TINA BEUCHELT, DETLEF VIRCHOW
University of Hohenheim, Food Security Center (FSC), Germany
Climate change caused by global warming poses a challenge for the current and future generations. Temperature stabilisation is necessary to avoid major changes of ecosystems; the success will depend on the degree of emissions in the next decades. One strategy to reduce CO2 emissions is the introduction of a so-called carbon label related to climate change relevant gas emissions of a product. Several countries, supported by private industry, have already started to introduce labels (UK, Switzerland, Japan), other countries are still in the planning process (Germany). Different strategies exist on what is measured, how, if the label is linked to a comparative advantage over other products or if it obliges also to a reduction of emissions. The proposed labels are adding to the abundance of existing standards and labels. Quality (e.g. GlobalGap), environmental (e.g. organic, water/energy efficiency) and social (e.g. fairtrade) standards and labels are especially predominant in agricultural"=based products but become increasingly important in all economic sectors. Until now, all labelling initiatives are developed in industrialised countries. Due to international trade, these standards and labels affect also developing countries, their emerging industries as well as their agricultural sector.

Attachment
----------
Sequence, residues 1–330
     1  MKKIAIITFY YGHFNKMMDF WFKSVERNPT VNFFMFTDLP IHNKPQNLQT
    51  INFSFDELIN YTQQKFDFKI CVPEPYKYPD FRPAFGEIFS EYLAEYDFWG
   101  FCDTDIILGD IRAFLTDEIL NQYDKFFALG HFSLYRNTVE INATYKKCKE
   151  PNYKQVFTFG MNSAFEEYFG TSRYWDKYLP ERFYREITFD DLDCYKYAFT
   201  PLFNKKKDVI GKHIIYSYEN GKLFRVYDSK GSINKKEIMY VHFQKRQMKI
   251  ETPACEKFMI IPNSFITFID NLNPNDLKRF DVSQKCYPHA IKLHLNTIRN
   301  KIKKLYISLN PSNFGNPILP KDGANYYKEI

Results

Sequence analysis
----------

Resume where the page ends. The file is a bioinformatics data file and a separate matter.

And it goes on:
Based on intense literature analysis, the study identifies the historical development of environmental and social labels used for European food products. We look at the effects on the agricultural sector in developing countries and ask which lessons can be learnt for the design of a carbon label? What kind of strategy could reduce the confusing complexity of too many different labels aiming at the same output of reducing CO2 emissions? What might be potential socio-economic impacts of a carbon label on farmers and their agricultural products from developing countries?
Current existing standards show a development from private initiatives on a country level to Europe-wide regulations. Debates regarding the regulations and initiatives for carbon labels focus mainly on measurement issues. Trade"=offs between social development and environmental protection are expected to increase over time and impacts may range from better market integration to market exclusion of (small"=scale) farmers in developing countries. The effects will also depend on the respective carbon label regulation.
Keywords: Carbon label, climate change, market integration, social development